The word “no” is meant to express rejection of the societal mores and ideals one grows up with — an idea expressed in the song “Non Blood Lore,” a term the band created for mythologies and ideologies stemming from wider culture rather than family.

“We’re always slaves to our unconscious,” Takeshi explains. “We accept what we see and hear without questioning, we interpret things conveniently, and we become paralyzed by unreasonable things. We eventually forget what it means, and even forget how to think. It’s an abominable system. We unconsciously decide everything and follow it. The first step to getting free will is to deny your unconscious thoughts. We point with NO toward that system: ‘What did I feel? Did I think this myself? Did I choose to, and take action myself?’ We get to live by questioning and denying yourself first.”

The need to think for oneself is even more important in today’s political climate, where people are bombarded with information and ideas online and in the media, he adds. “People are chased by various anxieties, fear, doubts, and hatred, turning into chaos. In that situation, rather than blindly following the information, we need to think and judge for ourselves. The answer is not given; you must derive your own.”

This is why the band decided not to publish the lyrics for NO. “Our work doesn’t give answers to the listeners, but we’d rather it become material such as values and aesthetic sense that guides you to the answer,” says Takeshi.

The 11-track collection includes a variety of experimental sounds falling within multiple genres. The opening track, “Genesis,” exudes a doom metal style, with strong, ominous, sometimes discordant guitar riffs and drums that repeat and gradually speed up. Other songs on the LP, like “Anti-Gone,” “Non Blood Lore,” and “Temple of Hatred,” follow more of a punk aesthetic, with dramatic guitar and shouting vocals. “Lust” spotlights the band’s use of electronic effects, with almost drowned-out vocals.

Boris also recorded a cover of Japanese hardcore punk band Gudon’s “Fundamental Error” after the band’s ex-bassist Guy came to a show of theirs in Hiroshima. This was exciting for Takeshi, as Outo was a favorite hardcore punk band of his as a teen.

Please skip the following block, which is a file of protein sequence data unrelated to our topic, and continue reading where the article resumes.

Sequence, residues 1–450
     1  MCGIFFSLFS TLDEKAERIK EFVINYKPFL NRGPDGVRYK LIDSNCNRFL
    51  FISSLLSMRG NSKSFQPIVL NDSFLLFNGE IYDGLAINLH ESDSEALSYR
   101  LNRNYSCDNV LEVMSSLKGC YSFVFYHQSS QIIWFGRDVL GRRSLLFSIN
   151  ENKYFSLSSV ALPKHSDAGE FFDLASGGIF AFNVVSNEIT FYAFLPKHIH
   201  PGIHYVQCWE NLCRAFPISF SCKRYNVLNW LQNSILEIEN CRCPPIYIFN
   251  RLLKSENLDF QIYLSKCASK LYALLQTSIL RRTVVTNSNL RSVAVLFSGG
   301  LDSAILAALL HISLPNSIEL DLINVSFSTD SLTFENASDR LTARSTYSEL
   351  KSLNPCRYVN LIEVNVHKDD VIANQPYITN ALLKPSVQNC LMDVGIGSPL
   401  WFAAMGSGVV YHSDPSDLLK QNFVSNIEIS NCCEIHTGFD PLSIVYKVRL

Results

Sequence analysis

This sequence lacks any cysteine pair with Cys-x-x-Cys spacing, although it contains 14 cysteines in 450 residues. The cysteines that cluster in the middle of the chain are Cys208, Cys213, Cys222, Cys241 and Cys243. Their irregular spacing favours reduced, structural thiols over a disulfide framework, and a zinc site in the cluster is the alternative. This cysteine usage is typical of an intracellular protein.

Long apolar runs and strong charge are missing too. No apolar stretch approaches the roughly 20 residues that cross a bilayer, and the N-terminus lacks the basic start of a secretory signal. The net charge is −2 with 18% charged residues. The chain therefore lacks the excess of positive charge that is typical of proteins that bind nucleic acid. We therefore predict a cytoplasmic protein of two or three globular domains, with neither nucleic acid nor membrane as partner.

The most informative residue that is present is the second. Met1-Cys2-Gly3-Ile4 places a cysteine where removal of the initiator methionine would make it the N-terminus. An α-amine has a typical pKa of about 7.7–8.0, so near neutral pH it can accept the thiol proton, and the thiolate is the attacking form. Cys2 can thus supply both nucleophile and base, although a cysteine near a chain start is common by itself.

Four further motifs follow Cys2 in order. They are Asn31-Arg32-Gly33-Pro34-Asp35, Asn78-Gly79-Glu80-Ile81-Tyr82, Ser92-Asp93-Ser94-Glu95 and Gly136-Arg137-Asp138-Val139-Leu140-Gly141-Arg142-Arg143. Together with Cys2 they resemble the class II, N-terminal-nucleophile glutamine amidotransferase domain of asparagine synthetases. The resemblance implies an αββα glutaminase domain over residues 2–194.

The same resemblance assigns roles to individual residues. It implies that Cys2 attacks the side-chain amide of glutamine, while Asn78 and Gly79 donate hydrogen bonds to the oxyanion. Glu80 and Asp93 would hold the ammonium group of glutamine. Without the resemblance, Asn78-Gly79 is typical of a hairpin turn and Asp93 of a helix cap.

Finally, the album closes with “Interlude,” where Wata almost whispers against dark, mellow synths and slow-paced cymbals. The track’s title suggests that the end of NO is merely a transition into more music to come.

Based on the band’s history, there very likely is. Boris has been releasing music since 1996, and NO marks their 27th album, not counting albums recorded in collaboration with others, which include Japanese noise artist Merzbow, Seattle black metal duo Sunn O))), The Cult frontman Ian Astbury, and Japanese noise metal band Endon. Currently, Takeshi plays guitar and bass, Wata does guitar and Echo, Atsuo is in charge of percussion and electronics, and all three contribute vocals.

Despite its message of rebellion and resistance, NO is ultimately intended to unite a world that’s physically divided. Takeshi hopes it can help people make something good out of the negativity currently in the atmosphere and validate people’s emotions, the way hardcore and thrash metal did for him when he was younger.

“In this current messed up world, people have sunk in hatred and sorrow,” he says. “We hope that for those who listen to this album, their negative feelings reflect like a mirror, and reflect in another direction into something positive. That’s the possibility that extreme music has.”

It sounds heady, but the band practices what they preach. With their planned two-month U.S. tour canceled, Boris is in the process of recording about four albums’ worth of music at the moment – a positive, healing process born of a negative situation. “All we can do is create,” says Takeshi. “Artists must all be in a similar situation. We’re hoping that from this adversity, we can create great music.”

Follow Boris on Facebook, Instagram and Twitter for ongoing updates.


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POP ETC got the night started right at Terminal 5, opening for The Wombats.

The band, formerly known as The Morning Benders, consists of brothers Chris (vocals, guitar), Jon Chu (synth), and Julian Harmon (drums).

After playing a new track called “Vice” off their upcoming album, Chris thanked New Yorkers for having a bit more fun with the music. The band just toured in Japan, where, he said, “it was so silent that you could hear a pin drop in between songs.”

Still, while I was having a good time, I felt like I was getting dirty looks for dancing. I am a huge fan of The Wombats, but in my experience at their shows, it doesn’t seem like anyone comes to dance around.

The band’s charm certainly helped get the energy up a little, with Chris complimenting the “attractive audience” on our hair, calling us “well-groomed.” They seem like such a sweet group of guys.

I have to admit that prior to seeing them live, I was hardly impressed by their self-titled first album. As a whole, the sound was almost overwhelmingly electronic for an indie band, crossing the line of being overproduced. It was great to see songs from POP ETC like “Keep It For Your Own” translate better into a live performance.

Judging by tracks like “Bad Break” and “Vice,” whatever changes the band has gone through in the last few years has taken them in a new direction, and they’re sounding more like early Depeche Mode, which works much better.

Their follow-up album, entitled Souvenir, will be released on January 29, 2016.

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All photos by Tim Toda for AudioFemme.